They kicked her around, victimized her, tried to destroy her. But all of a sudden, the lamestream media is coming to Sarah Palin’s defense.
Faced with a barrage of negative portrayals — a much-hyped investigative book, a Levi Johnston memoir and a new movie — Palin is finding support in the unlikeliest of places.
Film reviewers have slammed the British documentary “Sarah Palin: You Betcha!” Newspapers have refused to run comic-strip excerpts of Joe McGinniss’s rumor-mongering tome “The Rogue.” Johnston’s accusations have been consigned to the gossip pages. And none other than The New York Times has angrily taken Palin’s side in a brutal takedown of the McGinniss book.
Reviewer Janet Maslin called “The Rogue” a work of “caustic, unsubstantiated gossip,” accusing its author, who rented a house next door to the Palins for a time, of sloppiness, attention seeking and a lack of neighborliness.
“‘The Rogue’ is too busy being nasty to be lucid,” Maslin concludes, describing its many accusations as “indefensibly reckless.”
In a statement issued through a PR representative, Todd Palin trumpeted the Times review, pointing to it as proof that the book was so reprehensible that “even The New York Times” disdained it.
But it wasn’t the first time in recent weeks the Palins have found the Times — the print voice of East Coast intellectualism — in their corner. The Gray Lady also recently published an op-ed praising Palin as a person of ideas and calling for her to be taken seriously.
Sarah Palin was plucked from obscurity to be the Republican vice presidential candidate in 2008.
The 'pitbull in lipstick' sparked a media storm after accepting the nomination, despite questions over her experience.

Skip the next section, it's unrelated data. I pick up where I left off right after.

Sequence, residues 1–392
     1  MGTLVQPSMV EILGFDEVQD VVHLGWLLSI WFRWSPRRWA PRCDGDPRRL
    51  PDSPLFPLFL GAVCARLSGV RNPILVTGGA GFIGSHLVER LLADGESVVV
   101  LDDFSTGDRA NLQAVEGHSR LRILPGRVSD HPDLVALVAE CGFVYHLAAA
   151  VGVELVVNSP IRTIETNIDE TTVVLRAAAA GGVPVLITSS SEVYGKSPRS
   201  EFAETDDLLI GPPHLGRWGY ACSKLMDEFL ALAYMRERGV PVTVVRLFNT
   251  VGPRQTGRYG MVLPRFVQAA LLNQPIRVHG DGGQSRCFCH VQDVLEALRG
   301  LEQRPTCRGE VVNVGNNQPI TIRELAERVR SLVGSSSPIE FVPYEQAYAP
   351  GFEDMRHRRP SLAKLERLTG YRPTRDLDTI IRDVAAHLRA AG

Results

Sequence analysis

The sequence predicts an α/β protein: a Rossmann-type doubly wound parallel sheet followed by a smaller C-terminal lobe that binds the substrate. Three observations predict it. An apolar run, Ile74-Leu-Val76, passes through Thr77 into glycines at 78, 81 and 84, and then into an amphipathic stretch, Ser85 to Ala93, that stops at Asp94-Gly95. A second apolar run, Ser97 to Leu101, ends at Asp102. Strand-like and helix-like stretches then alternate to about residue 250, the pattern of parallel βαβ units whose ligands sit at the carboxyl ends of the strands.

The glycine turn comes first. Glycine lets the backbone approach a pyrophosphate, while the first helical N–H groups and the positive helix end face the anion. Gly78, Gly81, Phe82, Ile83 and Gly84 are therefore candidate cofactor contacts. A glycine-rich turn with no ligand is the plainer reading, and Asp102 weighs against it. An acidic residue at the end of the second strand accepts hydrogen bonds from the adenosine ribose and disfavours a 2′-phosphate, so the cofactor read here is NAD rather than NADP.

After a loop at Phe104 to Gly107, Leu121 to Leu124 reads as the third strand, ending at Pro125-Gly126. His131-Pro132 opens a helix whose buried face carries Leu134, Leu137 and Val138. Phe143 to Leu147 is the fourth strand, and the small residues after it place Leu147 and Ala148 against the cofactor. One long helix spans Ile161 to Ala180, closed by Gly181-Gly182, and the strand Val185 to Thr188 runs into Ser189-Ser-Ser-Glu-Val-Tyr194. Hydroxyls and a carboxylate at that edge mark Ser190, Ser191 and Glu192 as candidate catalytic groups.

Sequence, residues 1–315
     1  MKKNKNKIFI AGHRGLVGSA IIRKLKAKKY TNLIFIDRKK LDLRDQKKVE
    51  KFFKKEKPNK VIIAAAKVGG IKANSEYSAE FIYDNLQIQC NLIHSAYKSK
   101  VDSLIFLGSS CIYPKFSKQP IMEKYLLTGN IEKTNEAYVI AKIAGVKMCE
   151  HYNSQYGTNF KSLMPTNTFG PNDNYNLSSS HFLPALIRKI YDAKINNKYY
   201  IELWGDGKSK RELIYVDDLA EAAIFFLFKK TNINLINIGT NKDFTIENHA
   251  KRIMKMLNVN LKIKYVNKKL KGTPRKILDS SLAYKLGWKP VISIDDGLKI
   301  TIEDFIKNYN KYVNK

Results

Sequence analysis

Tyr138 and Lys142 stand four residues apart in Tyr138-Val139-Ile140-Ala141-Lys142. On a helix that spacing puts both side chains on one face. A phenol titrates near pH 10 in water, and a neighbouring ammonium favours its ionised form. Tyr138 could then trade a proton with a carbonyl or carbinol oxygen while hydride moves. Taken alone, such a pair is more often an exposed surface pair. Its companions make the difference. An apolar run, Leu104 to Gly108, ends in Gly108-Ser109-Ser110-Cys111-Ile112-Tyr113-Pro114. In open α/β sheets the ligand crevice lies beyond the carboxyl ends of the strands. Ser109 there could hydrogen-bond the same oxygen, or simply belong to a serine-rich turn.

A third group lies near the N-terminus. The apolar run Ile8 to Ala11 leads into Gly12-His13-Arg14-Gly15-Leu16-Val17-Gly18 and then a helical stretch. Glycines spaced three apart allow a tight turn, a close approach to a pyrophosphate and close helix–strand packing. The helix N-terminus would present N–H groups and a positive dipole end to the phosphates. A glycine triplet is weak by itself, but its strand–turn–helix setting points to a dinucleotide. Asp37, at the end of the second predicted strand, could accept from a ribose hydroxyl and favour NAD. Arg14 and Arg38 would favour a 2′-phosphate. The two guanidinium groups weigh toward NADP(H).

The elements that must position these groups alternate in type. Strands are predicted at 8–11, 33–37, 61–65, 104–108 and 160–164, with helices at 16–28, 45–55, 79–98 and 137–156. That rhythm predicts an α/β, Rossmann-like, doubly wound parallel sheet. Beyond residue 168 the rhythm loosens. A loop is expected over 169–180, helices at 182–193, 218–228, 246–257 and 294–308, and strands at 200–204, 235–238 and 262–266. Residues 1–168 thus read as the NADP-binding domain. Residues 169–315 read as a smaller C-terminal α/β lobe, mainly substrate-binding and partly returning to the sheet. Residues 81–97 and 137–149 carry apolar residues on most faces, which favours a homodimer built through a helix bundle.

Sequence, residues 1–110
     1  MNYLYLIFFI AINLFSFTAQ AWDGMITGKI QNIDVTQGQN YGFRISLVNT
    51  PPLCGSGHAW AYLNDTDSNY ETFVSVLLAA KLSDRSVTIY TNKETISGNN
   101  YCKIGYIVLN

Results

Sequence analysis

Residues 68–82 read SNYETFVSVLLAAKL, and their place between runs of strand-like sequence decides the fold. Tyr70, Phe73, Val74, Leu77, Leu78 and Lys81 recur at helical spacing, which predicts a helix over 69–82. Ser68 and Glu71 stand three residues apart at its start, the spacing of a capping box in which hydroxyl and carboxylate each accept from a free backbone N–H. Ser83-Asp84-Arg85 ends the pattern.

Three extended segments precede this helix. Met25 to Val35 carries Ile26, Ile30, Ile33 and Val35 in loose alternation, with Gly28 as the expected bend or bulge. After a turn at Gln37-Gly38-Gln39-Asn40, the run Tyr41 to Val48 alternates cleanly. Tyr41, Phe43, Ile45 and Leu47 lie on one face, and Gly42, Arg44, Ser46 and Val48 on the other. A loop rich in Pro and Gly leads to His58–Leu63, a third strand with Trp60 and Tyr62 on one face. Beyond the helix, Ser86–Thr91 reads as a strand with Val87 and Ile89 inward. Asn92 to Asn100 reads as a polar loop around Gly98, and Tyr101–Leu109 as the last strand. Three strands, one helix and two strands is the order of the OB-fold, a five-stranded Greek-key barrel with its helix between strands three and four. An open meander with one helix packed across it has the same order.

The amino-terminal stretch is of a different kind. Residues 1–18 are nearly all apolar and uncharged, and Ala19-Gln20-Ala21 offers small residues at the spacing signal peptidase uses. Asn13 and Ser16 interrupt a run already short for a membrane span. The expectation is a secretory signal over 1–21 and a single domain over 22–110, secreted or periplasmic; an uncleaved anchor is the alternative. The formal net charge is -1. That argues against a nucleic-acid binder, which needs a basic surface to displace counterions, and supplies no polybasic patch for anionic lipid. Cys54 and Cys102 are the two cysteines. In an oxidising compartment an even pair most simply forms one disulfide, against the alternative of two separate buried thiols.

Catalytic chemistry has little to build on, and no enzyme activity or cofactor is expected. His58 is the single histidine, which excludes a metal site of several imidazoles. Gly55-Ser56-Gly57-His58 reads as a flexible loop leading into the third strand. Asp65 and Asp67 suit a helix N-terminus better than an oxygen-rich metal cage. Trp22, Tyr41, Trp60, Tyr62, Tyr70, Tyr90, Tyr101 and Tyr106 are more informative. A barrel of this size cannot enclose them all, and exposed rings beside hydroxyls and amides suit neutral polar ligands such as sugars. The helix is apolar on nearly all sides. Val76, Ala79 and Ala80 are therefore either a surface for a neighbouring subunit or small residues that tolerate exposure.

But she wowed the U.S. after a barn-storming speech in September 2008 in which she attacked critics for calling her 'small town'. A former mayor of Wasilla before she became governor of Alaska, Palin stepped down after the Republican defeat in the presidential election.
The mother-of-five has remained tight-lipped on whether she would stand next year, but said she would likely make an announcement at the end of this month.
The AP reports that Johnston writes that when Sarah Palin found out she was pregnant in March of 2008, Bristol was mad and thought she should be the one who was pregnant, so she told Levi they should become so.
Johnston also says that Bristol's claim in her book "Not Afraid of Life: My Journey So Far" that she lost her virginity on a camping trip with Johnston is not true - he says it happened much earlier in their relationship.
He also claims he was "too dumb" to use protection while dating Bristol, even though he knew getting pregnant was "what she wanted." And finally, he claims when the Palins found out about the pregnancy, Sarah's first reaction was that she and Todd adopt the baby to "avoid a scandal."
This is not the only scandalous book about the Palins hitting shelves Tuesday. Joe McGinniss' book "The Rogue: Searching for the Real Sarah Palin," which alleges Palin's cocaine use and extramarital affairs, also comes out Sept. 20.